VAMs have been used in Tennessee for more than 20 years, coming about largely “by accident.” In the late 1980s, an agricultural statistician/adjunct professor at the University of Knoxville – William Sanders – thought that educators struggling with student achievement in the state could “simply” use more advanced statistics, similar to those used when modeling genetic and reproductive trends among cattle, to measure growth, hold teachers accountable for that growth, and solve the educational measurement woes facing the state at the time.
Sanders developed the Tennessee Value-Added Assessment System (TVAAS), which is now known as the Education Value-Added Assessment System (EVAAS®) and operated by SAS® Institute Inc. Nowadays, the SAS® EVAAS® is widely considered, with over 20 years of development, the largest, one of the best, one of the most widely adopted and used, and likely the most controversial VAM in the country. It is controversial in that it is a proprietary model (i.e., it is costly and used/marketed under exclusive legal rights of the inventors/operators), and it is often akin to a “black box” model (i.e., it is protected by a good deal of secrecy and mystery, largely given its non-transparency). Nonetheless, on the SAS® EVAAS® website developers continue to make grandiose marketing claims without much caution or really any research evidence in support (e.g., using the SAS® EVAAS® will provide “a clear path to achieve the US goal to lead the world in college completion by the year 2020”). Riding on such claims, they continue to sell their model to states (e.g., Tennessee, North Carolina, Ohio, Pennsylvania) and districts (e.g., the Houston Independent School District) regardless, but at taxpayers’ costs.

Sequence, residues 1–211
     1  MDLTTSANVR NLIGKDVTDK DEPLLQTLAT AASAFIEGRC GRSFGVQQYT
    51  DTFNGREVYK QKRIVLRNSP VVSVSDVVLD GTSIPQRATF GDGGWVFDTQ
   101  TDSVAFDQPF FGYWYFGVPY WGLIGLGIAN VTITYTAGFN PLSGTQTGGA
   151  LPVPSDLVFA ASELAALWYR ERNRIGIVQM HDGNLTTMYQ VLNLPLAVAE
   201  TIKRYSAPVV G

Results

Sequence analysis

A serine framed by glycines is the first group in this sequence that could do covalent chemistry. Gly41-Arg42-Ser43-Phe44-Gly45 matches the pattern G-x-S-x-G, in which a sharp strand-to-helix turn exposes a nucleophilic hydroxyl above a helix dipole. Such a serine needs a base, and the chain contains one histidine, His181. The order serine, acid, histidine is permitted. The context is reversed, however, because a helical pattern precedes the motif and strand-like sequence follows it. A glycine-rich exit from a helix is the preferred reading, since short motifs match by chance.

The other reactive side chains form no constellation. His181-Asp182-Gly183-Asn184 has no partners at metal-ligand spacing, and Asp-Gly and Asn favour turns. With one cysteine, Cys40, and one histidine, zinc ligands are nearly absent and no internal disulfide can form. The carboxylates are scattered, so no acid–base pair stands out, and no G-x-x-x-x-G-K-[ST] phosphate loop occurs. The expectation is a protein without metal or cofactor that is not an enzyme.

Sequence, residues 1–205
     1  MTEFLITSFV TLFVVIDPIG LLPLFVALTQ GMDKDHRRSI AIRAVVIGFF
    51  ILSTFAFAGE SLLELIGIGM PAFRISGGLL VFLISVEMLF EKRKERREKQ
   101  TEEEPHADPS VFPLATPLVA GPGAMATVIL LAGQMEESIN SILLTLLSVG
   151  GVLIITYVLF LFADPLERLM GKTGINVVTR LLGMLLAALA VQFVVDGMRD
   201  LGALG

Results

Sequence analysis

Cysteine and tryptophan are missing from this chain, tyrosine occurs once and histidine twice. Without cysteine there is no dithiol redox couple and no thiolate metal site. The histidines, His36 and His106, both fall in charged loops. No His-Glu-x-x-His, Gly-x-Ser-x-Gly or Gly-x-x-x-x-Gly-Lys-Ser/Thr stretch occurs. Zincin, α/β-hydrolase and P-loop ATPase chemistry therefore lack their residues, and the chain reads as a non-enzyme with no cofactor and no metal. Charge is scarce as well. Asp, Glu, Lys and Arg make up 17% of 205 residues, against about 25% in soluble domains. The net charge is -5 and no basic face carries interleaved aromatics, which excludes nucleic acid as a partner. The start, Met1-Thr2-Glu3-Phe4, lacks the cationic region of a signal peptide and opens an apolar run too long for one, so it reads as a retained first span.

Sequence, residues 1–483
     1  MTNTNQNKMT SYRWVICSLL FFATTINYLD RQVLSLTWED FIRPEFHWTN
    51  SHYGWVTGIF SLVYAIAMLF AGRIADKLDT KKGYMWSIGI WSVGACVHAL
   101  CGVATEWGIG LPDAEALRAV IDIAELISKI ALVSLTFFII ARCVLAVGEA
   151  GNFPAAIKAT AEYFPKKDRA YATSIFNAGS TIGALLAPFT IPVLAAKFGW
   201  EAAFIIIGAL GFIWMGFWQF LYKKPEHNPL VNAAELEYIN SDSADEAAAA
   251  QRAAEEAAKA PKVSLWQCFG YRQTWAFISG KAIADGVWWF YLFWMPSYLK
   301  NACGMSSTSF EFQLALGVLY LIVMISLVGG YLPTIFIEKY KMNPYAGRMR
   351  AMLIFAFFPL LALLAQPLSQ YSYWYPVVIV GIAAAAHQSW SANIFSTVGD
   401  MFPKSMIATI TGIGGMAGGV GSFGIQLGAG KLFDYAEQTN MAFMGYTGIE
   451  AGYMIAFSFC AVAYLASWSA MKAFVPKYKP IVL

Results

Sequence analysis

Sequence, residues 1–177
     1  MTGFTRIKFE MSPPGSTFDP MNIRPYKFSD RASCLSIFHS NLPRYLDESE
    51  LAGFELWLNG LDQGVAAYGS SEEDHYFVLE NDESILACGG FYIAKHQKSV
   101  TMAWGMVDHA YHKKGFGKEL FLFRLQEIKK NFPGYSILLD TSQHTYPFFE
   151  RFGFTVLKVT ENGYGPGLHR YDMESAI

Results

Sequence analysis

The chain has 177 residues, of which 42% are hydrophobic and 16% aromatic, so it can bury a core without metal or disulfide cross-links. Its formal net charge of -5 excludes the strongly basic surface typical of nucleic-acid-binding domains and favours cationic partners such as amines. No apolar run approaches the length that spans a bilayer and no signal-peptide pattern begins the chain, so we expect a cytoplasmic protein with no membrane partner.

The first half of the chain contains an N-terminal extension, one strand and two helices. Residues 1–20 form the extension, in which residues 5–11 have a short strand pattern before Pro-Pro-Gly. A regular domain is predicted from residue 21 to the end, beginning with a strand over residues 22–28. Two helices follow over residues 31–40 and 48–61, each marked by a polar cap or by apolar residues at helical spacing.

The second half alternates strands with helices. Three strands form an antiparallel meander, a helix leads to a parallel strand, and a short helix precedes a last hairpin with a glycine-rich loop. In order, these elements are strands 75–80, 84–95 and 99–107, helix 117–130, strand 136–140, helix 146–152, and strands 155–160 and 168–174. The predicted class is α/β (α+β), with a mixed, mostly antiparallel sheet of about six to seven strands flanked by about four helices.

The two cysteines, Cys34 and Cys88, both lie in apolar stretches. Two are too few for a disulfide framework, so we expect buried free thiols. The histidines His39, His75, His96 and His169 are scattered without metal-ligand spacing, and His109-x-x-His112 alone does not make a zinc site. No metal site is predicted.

In fact, thanks to similar marketing efforts and promotions, not to mention lobbying efforts coming out of Tennessee, VAMs have now been forced upon America’s public schools by the Obama administration’s Race to the Top program. Not surprisingly, Tennessee was one of the first states to receive Race to the Top funds to the tune of $502 million, to further advance the SAS® EVAAS® model, still referred to as the TVAAS, however, in the state of Tennessee.
Well, it seems things are not going so well in Tennessee. As highlighted in this recent article, it seems that boards of education across the state are increasingly opposing the TVAAS for high-stakes use (e.g., using TVAAS estimates when issuing, renewing or denying teacher licenses).
Some of the key issues? The TVAAS is too complex to understand; teachers’ scores are highly and unacceptably inconsistent from one year to the next, and, hence, invalid; teachers are being held accountable for things that are out of their control (e.g., what happens outside of school); there are major concerns about the extent to which teachers actually cause changes in TVAAS estimates over time; the state does not have any improvement plans in place for teachers with subpar TVAAS estimates; these issues are being further complicated by changing standards (e.g., the adoption of the Common Core) at the same time; and the like.
Interestingly enough, researchers have been raising precisely these same concerns since the early 1990s when the TVAAS was first implemented in Tennessee. Had policymakers listened to researchers’ research-based concerns, many a taxpayer dollar would have been saved!